Tar Sands Fever
Tar Sands Fever!
It's about water, sand, and oil-but this is no day at the beach.
It's well known that the United States consumes more oil per capita than any other country in the world, absorbing two-thirds of global oil production. This heavy dependence has often, and aptly, been described as an addiction; even U.S. President George W. Bush trotted out the metaphor in his 2006 State of the Union address ("America is addicted to oil").
Most of us regard addictions (to anything) as inherently unhealthy and admission of the problem as the first step toward getting clean. In this case, however, U.S. policy has simply been to seek increased oil imports from more reliable sources closer to home-in effect, to replace distant and unstable dealers with one from the neighborhood.
Specifically, Canada-already the kingpin dealer of oil to the United States. In 2005 Canada exported almost 1.5 million barrels per day to the United States, about 7 percent of U.S. daily consumption. Canada exports 66 percent of its domestic crude oil production and since 1995 the United States has received 99 percent of these exports. At first glance, it would seem that Canada wouldn't be able to boost oil production to fill the gap; production of conventional light and heavy oil in Canada was predicted to peak in 2006 and then rapidly decline. But that's where Canada's "unconventional" tar sands come in.
The vast bulk of Canada's tar sands is found in the province of Alberta, the country's most prolific producer of fossil fuels. The tar sands deposits underlie more than 140,000 square kilometers of relatively pristine boreal forest, an area larger than the state of Florida. It's estimated that the tar sands hold approximately 1.7 trillion barrels of crude bitumen (the technical term for the fossil fuel extracted from the tar sands). But most of this bitumen will never be recovered and only a fraction, 174 billion barrels, is estimated to be recoverable using today's technology and under current and anticipated economic conditions.
When the U.S. Department of Energy formally acknowledged these reserves in 2003, it vaulted Canada's oil reserves from 21st to 2nd in the world, behind only Saudi Arabia. It's little wonder then that the U.S. Energy Policy Development Group has described the tar sands as "a pillar of sustained North American energy and economic security." Canada's so-called "black gold" has come to be regarded as an abundant, secure, and affordable source of crude oil. But development of this unconventional fossil fuel comes with unconventional risks and consequences. Everything about the tar sands is big, most significantly its global warming and environmental implications-leading some to now describe the tar sands as "Canada's dirty secret."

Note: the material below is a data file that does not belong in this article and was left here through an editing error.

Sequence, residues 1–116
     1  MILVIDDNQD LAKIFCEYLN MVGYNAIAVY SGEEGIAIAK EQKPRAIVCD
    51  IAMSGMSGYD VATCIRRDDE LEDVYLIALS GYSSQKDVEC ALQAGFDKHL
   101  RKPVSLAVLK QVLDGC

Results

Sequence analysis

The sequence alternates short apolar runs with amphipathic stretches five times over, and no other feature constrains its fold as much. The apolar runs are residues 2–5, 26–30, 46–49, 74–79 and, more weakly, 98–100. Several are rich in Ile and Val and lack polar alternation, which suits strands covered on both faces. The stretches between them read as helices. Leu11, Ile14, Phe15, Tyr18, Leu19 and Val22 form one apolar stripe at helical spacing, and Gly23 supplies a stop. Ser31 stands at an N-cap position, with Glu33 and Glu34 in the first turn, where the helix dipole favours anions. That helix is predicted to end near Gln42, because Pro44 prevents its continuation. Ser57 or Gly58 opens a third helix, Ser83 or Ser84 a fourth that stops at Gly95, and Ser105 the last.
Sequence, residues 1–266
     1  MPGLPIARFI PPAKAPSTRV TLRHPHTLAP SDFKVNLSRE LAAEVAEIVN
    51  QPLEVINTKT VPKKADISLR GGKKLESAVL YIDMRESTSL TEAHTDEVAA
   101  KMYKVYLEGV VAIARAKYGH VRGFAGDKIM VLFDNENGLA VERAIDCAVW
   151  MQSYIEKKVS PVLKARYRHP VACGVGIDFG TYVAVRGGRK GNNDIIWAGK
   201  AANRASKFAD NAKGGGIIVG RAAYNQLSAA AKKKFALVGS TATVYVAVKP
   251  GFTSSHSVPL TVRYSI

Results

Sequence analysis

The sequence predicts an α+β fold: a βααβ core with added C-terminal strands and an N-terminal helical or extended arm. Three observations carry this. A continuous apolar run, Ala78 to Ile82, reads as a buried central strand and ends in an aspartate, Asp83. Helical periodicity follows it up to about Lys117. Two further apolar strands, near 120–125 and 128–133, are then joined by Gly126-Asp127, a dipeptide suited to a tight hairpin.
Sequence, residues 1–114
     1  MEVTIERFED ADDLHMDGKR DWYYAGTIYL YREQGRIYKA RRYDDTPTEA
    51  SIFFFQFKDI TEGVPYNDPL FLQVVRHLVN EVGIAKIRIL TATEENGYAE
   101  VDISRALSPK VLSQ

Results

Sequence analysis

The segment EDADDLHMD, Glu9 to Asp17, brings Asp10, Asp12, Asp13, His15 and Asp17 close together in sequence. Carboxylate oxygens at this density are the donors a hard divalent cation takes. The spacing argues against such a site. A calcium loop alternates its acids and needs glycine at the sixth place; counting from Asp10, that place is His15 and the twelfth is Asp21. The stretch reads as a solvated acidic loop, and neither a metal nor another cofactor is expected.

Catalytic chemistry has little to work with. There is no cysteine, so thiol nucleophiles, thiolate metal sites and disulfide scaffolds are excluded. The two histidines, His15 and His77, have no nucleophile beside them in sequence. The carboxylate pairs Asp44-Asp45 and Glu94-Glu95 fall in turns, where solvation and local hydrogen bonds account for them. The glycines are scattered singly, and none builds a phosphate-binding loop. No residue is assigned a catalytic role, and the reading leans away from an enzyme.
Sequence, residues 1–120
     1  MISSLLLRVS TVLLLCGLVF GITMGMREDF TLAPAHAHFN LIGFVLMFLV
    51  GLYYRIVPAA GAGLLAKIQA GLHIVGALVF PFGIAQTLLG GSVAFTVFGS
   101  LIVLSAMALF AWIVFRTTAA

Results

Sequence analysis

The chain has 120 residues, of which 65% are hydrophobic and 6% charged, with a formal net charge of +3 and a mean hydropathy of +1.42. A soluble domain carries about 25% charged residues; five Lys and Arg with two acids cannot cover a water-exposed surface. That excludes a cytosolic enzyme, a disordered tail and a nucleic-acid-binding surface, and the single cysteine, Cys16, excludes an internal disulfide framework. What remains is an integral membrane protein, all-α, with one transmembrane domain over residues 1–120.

Producing oil from the tar sands is scraping the bottom of the oil barrel. Tar sands consist of a mixture of 85 percent sand, clay, and silt; 5 percent water; and 10 percent crude bitumen, the tar-like substance that can be converted to oil. Bitumen doesn't flow like crude oil, and getting it out of the tar sands is a messy job. The current technology, which has evolved relatively little since it was first developed in the early 20th century, is a hot-water-based separation process that requires huge quantities of water and energy (see diagram). Imagine mixing a bucket of roofing tar into a child's sandbox. Then boil some water, pour it into the sandbox, and try to wash the tar out of the sand.
Most tar sands production takes place in vast open-pit mines, some as large as 150 square kilometers and as deep as 90 meters. Before strip-mining can begin, the boreal forest must be clear-cut, rivers and streams diverted, and wetlands drained. The overburden (the soil, rocks, and clay overlying the tar sands deposit) must be stripped away and stockpiled to reach the bitumen. Four tons of material are moved to produce every barrel of bitumen. At current production rates, with just three mines operating, enough material is moved every two days to fill a 60,000-seat stadium. But only a small fraction of the bitumen deposits is close enough to the surface to be strip-mined. Over 80 percent of the established tar sands reserves are deeper and must be extracted in situ (in place) by injecting high-pressure steam into the ground to soften the bitumen so it can be pumped to the surface.
Once separated from the sand, the bitumen is still a low-grade, heavy fossil fuel that must undergo an energy-intensive process to upgrade it into a synthetic crude oil more like conventional crude, either by adding hydrogen or removing carbon. Upgrading the bitumen usually occurs before it is shipped to refineries, but sometimes raw bitumen is diluted (e.g., with naphtha) and pipelined to a refinery where it is both upgraded and refined. In the United States about three-quarters of the oil is refined into transportation fuels.